What in the hell is a “free range” kid?
I have a feeling it is what was called in my day, “a kid.”
Here’s me at three: Pearl the telephone operator for our party line (we called her Central) calls my mother. “Your daughter is outside in the street, in a mud puddle. She’s naked.” This was in Badger, a little town of 300 Norwegian farmers, and my mother had no idea I had even gotten out. Well, she came right down the street and scooped me up, but I wasn’t locked in the apartment. Until I was in second grade, we lived above the grocery store my dad owned, and there’s a lot I remember about Badger, most of it happening outside where my mother didn’t know exactly where I was. Looking at horror comics in Johnny and Martha’s basement? Exploring weird places around the grain elevators across the street? One of my early childhood horror stories was hearing of children falling into them and drowning in the grain. Playing doctor with the other children under blanket tents in the minister’s back yard. Running behind the only bar in town to yell “Blow the whistle” at the caboose of the train that had just come through. Upside down in the date barrel in the store. Sneaking a peak at the buffalo hanging in the freezer locker that our butcher Frank brought back from his yearly hunting trip in the Dakotas.
Here’s me in my grade school years: Walking alone to school down a long winding street and crossing a busy one (don’t remember a crossing guard) because I had missed the bus. Running off to play in the “pasture,” a wooded pasture land where somebody (never knew who, never met them) let a couple of horses run. There was a creek and a bridge and we kids spent a lot of time trying to get on the horses. I never succeeded, but some did. I was jealous. We played cowboys and Indians. I always wanted to be an Indian. When I wasn’t off on my bicycle, I was somewhere up a tree. Usually with a book. Sometimes, when we were lucky, there was a new house going up, which meant whole new opportunities for play and make believe, whether it was a great muddy hole of an excavation or a hide and seek forest of framing. I had a very religious girlfriend who believed with all her heart that God meant her to fly, and we spent a lot of time looking for places for her to jump off so she could practice.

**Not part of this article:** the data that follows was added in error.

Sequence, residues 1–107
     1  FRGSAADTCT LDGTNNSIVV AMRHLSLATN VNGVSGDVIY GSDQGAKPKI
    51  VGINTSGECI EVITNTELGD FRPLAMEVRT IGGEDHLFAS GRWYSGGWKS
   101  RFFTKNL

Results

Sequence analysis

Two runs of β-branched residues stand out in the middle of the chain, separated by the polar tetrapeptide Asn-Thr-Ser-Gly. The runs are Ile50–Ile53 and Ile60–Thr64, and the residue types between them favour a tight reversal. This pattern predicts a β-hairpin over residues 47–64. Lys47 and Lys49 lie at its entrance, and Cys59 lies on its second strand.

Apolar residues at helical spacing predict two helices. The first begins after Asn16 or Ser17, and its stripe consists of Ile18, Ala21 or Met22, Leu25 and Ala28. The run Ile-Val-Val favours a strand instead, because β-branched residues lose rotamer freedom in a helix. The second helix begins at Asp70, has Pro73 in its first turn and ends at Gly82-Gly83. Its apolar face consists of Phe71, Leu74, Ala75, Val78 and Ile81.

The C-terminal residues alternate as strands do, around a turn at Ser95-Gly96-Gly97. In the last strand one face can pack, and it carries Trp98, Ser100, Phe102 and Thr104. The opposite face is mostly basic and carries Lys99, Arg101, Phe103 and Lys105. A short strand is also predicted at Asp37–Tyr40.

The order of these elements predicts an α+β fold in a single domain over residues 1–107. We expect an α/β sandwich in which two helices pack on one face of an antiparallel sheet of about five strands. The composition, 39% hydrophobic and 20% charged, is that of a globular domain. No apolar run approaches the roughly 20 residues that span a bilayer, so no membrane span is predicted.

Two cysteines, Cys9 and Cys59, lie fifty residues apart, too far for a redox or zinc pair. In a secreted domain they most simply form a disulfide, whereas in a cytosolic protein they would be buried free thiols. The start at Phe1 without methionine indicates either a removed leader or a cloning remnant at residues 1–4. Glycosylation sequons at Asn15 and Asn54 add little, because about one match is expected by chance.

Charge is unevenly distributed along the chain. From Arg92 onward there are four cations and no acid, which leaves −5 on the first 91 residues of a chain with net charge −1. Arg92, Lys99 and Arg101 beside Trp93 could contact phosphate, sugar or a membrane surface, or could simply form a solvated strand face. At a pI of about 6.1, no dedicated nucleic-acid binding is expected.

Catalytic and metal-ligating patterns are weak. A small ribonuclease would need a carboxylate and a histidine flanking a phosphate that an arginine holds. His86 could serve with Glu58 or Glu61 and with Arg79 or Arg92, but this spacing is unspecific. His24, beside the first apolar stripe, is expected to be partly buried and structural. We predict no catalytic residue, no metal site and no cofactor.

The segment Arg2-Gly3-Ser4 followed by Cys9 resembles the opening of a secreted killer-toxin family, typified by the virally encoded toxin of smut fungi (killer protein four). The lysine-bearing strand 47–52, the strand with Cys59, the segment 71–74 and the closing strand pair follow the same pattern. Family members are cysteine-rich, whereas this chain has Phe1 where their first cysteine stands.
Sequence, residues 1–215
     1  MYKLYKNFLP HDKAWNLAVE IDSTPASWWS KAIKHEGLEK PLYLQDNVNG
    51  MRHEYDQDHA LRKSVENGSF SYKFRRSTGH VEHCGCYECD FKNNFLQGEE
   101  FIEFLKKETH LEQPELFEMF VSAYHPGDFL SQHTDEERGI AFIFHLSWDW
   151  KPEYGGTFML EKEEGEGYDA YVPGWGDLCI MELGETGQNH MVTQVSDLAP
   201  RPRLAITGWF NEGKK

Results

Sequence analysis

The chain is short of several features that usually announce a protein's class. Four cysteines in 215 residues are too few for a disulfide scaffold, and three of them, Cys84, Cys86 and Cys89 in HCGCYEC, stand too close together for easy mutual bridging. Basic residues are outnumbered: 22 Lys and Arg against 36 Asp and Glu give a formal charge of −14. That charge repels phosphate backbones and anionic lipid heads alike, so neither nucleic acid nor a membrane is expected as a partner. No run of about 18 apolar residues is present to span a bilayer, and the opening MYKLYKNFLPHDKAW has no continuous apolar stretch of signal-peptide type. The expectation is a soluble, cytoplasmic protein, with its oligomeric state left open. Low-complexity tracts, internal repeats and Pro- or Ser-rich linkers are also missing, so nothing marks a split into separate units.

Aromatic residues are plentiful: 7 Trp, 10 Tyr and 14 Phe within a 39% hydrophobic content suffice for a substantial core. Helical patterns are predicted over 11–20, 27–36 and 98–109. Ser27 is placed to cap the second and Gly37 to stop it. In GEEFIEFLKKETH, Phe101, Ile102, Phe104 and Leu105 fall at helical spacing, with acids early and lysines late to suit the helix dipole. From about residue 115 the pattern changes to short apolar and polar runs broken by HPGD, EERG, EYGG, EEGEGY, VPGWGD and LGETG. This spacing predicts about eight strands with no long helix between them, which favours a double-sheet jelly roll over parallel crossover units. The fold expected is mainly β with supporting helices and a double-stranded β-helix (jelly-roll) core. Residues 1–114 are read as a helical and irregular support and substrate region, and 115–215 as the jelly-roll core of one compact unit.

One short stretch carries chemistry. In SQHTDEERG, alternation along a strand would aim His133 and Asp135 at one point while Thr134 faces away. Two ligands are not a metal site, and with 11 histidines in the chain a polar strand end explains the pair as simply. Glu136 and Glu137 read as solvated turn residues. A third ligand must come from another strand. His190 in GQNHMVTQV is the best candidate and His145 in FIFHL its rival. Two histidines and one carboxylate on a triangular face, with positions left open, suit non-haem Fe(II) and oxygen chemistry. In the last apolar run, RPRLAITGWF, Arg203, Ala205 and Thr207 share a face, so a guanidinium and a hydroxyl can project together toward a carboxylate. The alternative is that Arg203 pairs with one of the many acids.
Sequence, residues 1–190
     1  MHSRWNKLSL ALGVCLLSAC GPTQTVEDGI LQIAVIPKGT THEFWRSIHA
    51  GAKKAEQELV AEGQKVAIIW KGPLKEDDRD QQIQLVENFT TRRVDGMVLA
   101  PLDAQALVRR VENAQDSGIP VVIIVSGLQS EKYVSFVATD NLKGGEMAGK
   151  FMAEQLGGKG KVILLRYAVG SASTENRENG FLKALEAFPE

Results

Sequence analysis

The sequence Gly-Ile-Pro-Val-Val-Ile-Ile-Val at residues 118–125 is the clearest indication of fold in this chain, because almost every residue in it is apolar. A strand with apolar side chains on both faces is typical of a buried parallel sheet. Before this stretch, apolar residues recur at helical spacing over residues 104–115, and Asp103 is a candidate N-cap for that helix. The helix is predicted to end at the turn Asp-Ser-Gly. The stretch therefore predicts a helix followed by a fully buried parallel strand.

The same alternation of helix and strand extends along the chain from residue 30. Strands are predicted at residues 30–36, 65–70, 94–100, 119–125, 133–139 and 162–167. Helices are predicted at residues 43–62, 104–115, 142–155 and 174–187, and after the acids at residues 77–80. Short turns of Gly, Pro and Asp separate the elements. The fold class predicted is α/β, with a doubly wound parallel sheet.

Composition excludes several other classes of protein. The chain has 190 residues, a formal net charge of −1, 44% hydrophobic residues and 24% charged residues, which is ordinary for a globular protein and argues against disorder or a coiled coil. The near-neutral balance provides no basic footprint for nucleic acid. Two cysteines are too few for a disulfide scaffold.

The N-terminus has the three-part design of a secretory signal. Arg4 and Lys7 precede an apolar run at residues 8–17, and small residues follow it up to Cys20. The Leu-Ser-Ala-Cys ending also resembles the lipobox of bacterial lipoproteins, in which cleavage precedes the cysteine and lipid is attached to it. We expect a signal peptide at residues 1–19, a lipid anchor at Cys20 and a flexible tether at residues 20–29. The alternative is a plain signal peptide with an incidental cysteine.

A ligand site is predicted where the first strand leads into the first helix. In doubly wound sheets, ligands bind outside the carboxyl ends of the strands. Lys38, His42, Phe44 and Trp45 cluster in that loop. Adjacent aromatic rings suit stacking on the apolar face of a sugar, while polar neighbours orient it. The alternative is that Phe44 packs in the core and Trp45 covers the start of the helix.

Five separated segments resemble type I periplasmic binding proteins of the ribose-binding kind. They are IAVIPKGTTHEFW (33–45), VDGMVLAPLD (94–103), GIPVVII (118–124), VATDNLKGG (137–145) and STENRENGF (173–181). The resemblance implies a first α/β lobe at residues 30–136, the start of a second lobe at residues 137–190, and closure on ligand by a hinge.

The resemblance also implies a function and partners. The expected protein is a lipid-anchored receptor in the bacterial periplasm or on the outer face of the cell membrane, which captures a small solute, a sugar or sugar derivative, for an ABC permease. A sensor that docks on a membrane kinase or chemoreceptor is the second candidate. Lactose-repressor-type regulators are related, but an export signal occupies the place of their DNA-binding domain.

Nobody was abducted, killed, or suffered much more than a skinned knee or small bloody gashes acquired when squirming through the barbed wire fence into the “pasture.”
We were, in a way, the first “free range” kids. We didn’t have to work on farms or in factories. After school or in summer, if we could manage it, we escaped to the streets and back yards, wood lots and pastures. We came home when we were hungry. We were sent to bed at a reasonable hour, but even that was avoidable if you had a flashlight and a book to read under the covers and if you could get your little sister not to tell. Because we didn’t tell, either.
“What were you kids up to?” our mothers might ask. “Oh, nuthin’. Just playin’.” We didn’t tell our parents about the great new house excavation three blocks over or how Bobby fell off a horse into the creek out in the “pasture,” or how I tried to climb a tree that was too big for me and managed to get onto the lowest branch only to fall off when I couldn’t find a way to get to the next one. Probably about five or six feet. I don’t remember. I was just glad nobody was around to see it. Very shameful for a proud tree climber.
Maybe it was because by that time there were five going on six kids in my family. If there’s one thing to be said for big families, it’s that it is easy to get lost. So long as all of us were home for supper, ambulatory, and not bleeding on the plastic table cloth, it’s all good.
I still drive very carefully down residential streets, expecting any minute that a kid will run out after a ball. But they don’t. There aren’t any. Kids. I don’t know if they’re in the house with video games (full disclosure: I love video games) or if their parents have all arranged supervised play dates or what? I do know that if my neighbors here in Madison spot a kid sneaking through a back yard, they call the police.
Well, that’s what the kid gets, for not being able to sneak through a back yard without getting caught, I suppose. Then again, there aren’t any “free range” kids anymore. They’re either on play dates or up to no good. You should probably call the cops.